3D Printed Bike Motor Mount

31 May 2018

A small journey to build a mid-drive electric bike - The motor mount

During the late Winter and early Spring months that I spent in Berlin, I slowly came to the conclusion that, in addition to my most recent electric longboard build, I was going to need an electric bike for my upcoming Junior semester at Lafayette College. After doing quite a bit of internet research from my room, I decided that, honestly, hub motors are the most uninteresting way to complete this task. Therefore, I've opted to make my bike, what the public seems to call a mid drive bike. So, I went online and ordered a bunch of parts from China to hopefully arrive by the time I landed back in NY in late April.

Now, this post is really only going to contain information related to the process of me designing a mount to attach to my bike. The project is far from finished and I am back again in Germany completing an internship at the moment. Hopefully, more updates will come to the Jamaisvu project on this blog; I think I have made an interesting breakthrough there.

3D Printing with my MP Mini v2

Since I got my received my first 3D printer last August, I haven't had many proper uses for it. I've made only a few simple prints for various miscellaneous things. This printer is the MonoPrice Mini v2. This is a fantastic printer to start with. It handles fairly complex prints well and has been very reliable to me. Also, the modding community has many resources so that one can mod and improve their printer very cheaply. In the end, however, this printer could not supply me with prints that where as strong or as complex as I would need for this project. I ended up buying a FlashForge Creator Pro which is basically a MakerBot Replicator V1 clone.

Motor mount design

It is quite easy to get pre-made motor mounts for electric longboards in the form of kits, and while these work well, they rely on a certain truck style to attach properly without welding. Bikes vary much more in their designs and so I knew I was going to require a custom solution.

In this bike I am currently using a Turnigy Aerodrive SK3 - 6354-260kv, which I am actually planning on replacing (lack of torque). Nonetheless, what is important here is the mount. This motor as 4 M4x7 treaded holes in the front (near where the shaft protrudes) to which you can fix the motor to a mount. These holes are about 43.5mm apart from each other (diagonally). It's quite simple to model and it only took me around a half hour to get a working model.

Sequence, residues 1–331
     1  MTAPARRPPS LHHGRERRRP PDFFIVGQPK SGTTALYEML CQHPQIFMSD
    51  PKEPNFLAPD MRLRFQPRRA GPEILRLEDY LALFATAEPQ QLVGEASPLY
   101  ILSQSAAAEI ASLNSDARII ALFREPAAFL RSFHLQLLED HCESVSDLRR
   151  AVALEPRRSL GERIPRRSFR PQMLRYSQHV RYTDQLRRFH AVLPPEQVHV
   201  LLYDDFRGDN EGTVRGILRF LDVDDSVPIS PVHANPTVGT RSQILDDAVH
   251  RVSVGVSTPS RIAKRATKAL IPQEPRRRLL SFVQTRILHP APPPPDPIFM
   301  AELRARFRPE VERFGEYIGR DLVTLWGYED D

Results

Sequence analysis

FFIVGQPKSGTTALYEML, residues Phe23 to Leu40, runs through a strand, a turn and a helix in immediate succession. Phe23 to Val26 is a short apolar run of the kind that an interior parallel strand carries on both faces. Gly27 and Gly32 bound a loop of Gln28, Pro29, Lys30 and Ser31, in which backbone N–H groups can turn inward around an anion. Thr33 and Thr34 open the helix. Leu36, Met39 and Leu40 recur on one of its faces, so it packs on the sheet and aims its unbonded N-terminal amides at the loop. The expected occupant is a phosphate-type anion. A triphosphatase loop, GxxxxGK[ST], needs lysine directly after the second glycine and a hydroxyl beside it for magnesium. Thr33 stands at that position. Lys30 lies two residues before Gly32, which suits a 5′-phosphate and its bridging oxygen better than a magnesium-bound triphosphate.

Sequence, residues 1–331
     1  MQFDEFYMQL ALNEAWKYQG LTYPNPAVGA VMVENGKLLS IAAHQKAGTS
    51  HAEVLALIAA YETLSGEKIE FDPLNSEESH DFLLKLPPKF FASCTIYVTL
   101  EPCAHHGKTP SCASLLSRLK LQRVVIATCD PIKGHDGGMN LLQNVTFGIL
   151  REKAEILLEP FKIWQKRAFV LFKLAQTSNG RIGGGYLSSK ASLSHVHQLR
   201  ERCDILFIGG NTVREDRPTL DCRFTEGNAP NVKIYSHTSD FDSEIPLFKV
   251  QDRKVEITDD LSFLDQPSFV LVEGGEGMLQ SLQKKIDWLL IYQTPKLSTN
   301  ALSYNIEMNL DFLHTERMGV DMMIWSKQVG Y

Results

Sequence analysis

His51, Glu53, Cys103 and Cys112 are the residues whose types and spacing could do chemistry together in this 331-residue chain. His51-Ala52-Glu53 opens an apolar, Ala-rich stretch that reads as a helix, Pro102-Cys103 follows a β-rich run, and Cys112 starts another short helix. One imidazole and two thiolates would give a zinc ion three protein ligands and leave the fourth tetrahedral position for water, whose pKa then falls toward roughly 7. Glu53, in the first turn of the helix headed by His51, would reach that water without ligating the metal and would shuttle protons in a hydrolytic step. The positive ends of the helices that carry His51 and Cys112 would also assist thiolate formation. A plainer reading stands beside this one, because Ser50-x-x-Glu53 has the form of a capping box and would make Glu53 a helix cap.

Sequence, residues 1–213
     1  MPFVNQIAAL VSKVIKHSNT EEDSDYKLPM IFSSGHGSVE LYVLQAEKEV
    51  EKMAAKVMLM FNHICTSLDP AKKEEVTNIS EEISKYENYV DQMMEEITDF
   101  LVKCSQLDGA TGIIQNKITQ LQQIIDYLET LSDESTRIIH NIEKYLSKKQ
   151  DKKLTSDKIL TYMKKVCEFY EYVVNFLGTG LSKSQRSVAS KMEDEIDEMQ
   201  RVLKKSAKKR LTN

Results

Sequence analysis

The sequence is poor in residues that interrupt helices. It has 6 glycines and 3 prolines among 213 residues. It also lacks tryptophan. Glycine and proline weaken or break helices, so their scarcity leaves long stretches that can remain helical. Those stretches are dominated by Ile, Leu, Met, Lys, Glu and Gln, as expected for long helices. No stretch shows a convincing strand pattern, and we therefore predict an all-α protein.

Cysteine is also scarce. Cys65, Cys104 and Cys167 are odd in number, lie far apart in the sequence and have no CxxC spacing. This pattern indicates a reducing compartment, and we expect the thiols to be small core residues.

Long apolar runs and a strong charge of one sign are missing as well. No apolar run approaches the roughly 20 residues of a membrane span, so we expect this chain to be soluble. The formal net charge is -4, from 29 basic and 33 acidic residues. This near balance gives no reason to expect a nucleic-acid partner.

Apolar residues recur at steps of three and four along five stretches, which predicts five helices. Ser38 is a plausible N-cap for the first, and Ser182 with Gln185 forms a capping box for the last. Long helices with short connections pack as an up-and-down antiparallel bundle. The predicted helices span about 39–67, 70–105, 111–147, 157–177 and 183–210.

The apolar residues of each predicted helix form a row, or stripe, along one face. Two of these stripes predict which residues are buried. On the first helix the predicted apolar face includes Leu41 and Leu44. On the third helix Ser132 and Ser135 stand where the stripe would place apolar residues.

This would lead me to my first design, where I have two pieces that would clamp around the bar between the seat and the handlebars and a third piece would mount the motor to that.

Attempt 1

First Motor Mount Assembly on bench First Motor Mount Assembly on bike

Attempt 2

Here, I moved from trying to grip the bike itself, to using two bolts that were already in the bike and near the sprocket set. The preivous method would spin quite easily under the torque from the motor and detacth from the chain. Here I still used the ABS motor mount part bolted onto a white PLA part which attached to the bike and can be adjusted to make the chain tought. The issue that would occur with this design was that the part where the motor mount and the bike mount where attached would allow too much flex under torque from the motor and the chain would detatch.

Second Motor Mount Assembly on table Second Motor Mount Assembly on bike front Second Motor Mount Assembly on bike back

Attempt 3

In this attempt I decided to slightly rework the motor mount so that it would much more snugly fit the bike mount and hopefully prevent the flew that was occuring before. This would unforunately fail as the torque from the motor would snap the somewhat weak PLA print.

Third Motor Mount Assembly in hand Third Motor Mount Assembly failure

Attempt 4

This attempt I decided to combine the motor mount and the bike mount into one solid piece (still contained infil at 50%) in hopes of fixing the break. Nonetheless, this broke in roughly the same spot as before sadly...

Fourth Motor Mount Assembly in hand

Attempt 5

Here, after some research on the internet and advice from some of its users, I settled on purchasing some ePC (Polycarbonate) filament for its added strength. However, I believe this is mostly beneficial for impacts and not torsional strength which is primarily what I needed. Nonetheless, I would need a filament which would deform at a higher temperature than PLA for when the motor would get hot anyways. I had an infil of around 40% for this print after hours of tweaking my FFCP to get it to properly print. Sadly, this failed in the same place as before.

Fifth Motor Mount Assembly on bench Fifth Motor Mount Assembly failure

Success - The 6th attempt

Finally, after much frustration and several days worth of print time. I completed a near 24 hour print which has continued to withstand the torque of this motor. Sadly, I do not have a photo on hand, however, I increased the thickness of the part of the piece that was breaking by around 4mm and set the infill of the piece to 100%. This made a solid ePC plastic motor bike mount. In addition to the solid piece and thicker motor mount section, I added two M4 sized shafts that run up from the bottom to the top of the motor mount which pass through the fault point. I installed two 65mm M4 bolts from beneath to provide even more support. More to come in the coming months. Stay tuned!

Published on 31 May 2018 by Clement Hathaway